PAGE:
When Showtime premiered The Affair, a relationship drama about infidelity that used a Rashomon-style mixture of unreliable narratives, all eyes were on its star, Ruth Wilson. She was the one who won the awards and received the lion’s share of acclaim, even as the series totally fell off the rails. When Wilson abruptly left the show in 2018, she didn’t discuss the details behind her decision publicly. The full details of what happened were never revealed, but a 2019 investigation from The Hollywood Reporter claimed that Wilson was both deeply uncomfortable with the amount of nudity demanded of her, and of the circumstances surrounding those scenes:
Sources, many of whom declined to speak on the record, say Wilson was often asked to be unclothed in scenes where there seemed to be no clear creative rationale for the nudity other than for it to be ‘titillating,’ as one person involved with the production puts it. Another source overheard Wilson ask on set, referring to a male co-star, ‘Why do you need to see me and not more of him?
Much of the blame was pinned on showrunner Sarah Treem, who was accused of pressurizing Wilson and other cast members into doing nudity they were not comfortable with. Treem denied the allegations, and things seemingly got even weirder when Lena Dunham — yes, really — got involved and she and former colleague Jenni Konner alleged that an exec producer and frequent director on The Affair, Jeffrey Reiner, showed them graphic photographs of an actress with a penis next to her face. Said producer was defended by Treem and he was able to keep working on the show as an investigation into his misconduct went forward.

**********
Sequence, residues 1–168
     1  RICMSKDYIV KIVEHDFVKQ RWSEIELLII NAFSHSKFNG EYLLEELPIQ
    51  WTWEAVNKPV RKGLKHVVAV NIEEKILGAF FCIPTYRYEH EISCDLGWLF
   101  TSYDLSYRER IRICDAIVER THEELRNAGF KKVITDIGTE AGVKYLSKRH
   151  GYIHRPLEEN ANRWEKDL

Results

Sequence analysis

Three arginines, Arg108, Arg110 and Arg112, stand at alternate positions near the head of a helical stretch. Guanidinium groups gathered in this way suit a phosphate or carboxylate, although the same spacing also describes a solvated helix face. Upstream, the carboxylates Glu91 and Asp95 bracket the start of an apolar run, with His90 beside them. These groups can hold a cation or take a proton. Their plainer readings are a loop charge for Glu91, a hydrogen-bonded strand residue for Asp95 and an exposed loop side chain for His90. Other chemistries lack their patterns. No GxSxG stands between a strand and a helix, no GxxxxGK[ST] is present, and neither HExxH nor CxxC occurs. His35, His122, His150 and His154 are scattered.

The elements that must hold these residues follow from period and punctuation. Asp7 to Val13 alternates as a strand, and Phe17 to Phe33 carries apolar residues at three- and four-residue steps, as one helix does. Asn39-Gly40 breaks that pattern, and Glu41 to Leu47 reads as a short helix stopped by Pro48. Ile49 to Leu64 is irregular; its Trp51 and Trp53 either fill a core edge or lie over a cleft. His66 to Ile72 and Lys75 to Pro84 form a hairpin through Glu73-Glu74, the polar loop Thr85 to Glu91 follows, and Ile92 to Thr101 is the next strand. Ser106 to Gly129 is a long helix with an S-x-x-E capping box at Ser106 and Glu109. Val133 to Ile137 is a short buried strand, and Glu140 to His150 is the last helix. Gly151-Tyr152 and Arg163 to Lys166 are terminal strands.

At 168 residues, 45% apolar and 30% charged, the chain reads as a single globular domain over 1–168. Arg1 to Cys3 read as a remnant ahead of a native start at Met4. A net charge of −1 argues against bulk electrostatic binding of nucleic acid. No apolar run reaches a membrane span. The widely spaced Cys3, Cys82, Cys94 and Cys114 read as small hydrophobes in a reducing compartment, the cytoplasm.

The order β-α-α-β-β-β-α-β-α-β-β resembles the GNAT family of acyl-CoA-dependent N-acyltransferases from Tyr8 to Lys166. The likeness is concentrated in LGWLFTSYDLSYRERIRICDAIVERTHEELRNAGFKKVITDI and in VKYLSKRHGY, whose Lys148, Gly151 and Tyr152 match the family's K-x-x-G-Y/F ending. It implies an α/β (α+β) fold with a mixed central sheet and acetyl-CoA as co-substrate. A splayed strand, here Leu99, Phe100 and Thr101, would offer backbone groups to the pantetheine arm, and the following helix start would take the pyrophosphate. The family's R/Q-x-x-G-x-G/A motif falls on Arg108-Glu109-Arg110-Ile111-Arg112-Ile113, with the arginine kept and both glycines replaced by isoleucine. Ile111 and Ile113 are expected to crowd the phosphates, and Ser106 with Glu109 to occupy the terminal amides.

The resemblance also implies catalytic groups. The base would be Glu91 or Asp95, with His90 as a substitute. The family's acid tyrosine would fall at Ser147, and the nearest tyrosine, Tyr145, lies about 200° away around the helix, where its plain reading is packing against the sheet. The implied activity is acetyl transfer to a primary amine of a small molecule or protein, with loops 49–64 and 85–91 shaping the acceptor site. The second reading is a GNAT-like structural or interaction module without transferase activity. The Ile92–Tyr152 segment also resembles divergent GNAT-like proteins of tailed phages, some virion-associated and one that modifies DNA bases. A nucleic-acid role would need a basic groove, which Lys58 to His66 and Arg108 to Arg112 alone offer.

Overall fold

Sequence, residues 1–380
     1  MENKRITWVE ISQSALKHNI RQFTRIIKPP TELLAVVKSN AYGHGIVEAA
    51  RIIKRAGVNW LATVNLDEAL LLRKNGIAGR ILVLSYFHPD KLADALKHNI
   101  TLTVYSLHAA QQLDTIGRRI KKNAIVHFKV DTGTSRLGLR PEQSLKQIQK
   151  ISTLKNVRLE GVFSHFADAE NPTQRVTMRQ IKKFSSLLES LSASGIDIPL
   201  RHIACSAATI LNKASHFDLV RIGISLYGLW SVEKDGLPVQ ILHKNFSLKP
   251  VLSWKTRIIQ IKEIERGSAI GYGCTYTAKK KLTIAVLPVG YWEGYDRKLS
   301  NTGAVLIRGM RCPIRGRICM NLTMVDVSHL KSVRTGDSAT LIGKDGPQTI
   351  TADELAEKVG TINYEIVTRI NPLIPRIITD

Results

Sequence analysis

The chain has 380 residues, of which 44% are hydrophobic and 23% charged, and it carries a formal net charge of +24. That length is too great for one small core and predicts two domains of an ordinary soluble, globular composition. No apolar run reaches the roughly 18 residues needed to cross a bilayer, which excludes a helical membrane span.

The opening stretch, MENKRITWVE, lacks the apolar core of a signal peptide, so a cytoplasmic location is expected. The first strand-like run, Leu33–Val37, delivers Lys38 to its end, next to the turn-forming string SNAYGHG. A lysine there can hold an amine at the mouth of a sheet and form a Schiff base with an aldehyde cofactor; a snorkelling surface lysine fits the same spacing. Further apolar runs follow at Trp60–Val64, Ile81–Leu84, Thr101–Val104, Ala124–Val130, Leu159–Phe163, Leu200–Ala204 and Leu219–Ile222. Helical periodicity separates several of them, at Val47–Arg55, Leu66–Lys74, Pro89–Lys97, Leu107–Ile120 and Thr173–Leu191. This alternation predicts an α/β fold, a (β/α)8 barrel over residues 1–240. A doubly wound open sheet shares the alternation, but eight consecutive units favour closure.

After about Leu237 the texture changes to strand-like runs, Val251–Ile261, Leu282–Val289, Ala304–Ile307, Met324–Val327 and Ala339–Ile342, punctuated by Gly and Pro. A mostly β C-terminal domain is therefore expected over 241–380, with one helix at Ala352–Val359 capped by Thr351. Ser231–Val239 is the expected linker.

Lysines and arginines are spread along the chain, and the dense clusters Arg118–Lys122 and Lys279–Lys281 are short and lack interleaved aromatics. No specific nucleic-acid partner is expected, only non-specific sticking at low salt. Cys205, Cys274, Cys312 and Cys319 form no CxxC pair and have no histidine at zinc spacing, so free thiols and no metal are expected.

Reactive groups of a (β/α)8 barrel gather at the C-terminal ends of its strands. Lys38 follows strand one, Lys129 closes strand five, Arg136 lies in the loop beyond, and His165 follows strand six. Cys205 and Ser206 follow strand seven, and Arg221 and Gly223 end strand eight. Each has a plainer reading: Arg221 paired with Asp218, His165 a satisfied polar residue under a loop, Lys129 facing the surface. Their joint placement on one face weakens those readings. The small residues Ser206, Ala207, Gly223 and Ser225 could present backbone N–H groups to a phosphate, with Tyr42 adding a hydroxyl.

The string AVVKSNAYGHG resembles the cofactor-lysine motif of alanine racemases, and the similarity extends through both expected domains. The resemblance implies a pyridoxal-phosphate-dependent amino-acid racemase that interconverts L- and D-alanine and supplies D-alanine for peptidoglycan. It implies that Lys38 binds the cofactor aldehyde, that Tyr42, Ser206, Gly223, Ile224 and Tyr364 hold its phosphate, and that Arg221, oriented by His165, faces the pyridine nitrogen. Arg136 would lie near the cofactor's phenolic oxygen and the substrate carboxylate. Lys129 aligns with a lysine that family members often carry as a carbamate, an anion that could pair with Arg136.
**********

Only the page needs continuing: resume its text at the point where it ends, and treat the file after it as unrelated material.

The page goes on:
Wilson got out of the show and was reportedly upset that Treem wrote her character out of the show by having her be raped and murdered. Wilson insisted on excluding the rape.
The chances are that Wilson is under a strict NDA so can’t fully explain her decision or the toxicity she faced. In an interview with Stylist, she could only hint at such things:
‘The reason I haven’t gone into The Affair is that I haven’t worked out how to discuss it. There’s a lot of noise and anger surrounding it, and really the power rests with me to choose how I discuss my life and my experiences. What’s important to say is that I did speak up. I did have a voice. I did stand up for myself. There was a situation on The Affair where things didn’t feel right, and I dealt with them, and I managed to protect myself.’
It’s dishearteningly unsurprising to hear about the struggles and toxic encounters that women, including high-profile ones, continue to deal with in the entertainment industry. For a long time, Wilson was really the only reason to watch The Affair and Sarah Treem just tossed her into the garbage because she couldn’t do her job properly. Treem, by the way, is still working. She’s developing a series on the life of Hedy Lamarr with Gal Gadot. Her Wikipedia page keeps bigging up her feminist credentials while reducing the accusations of inappropriate behavior to two mere lines.
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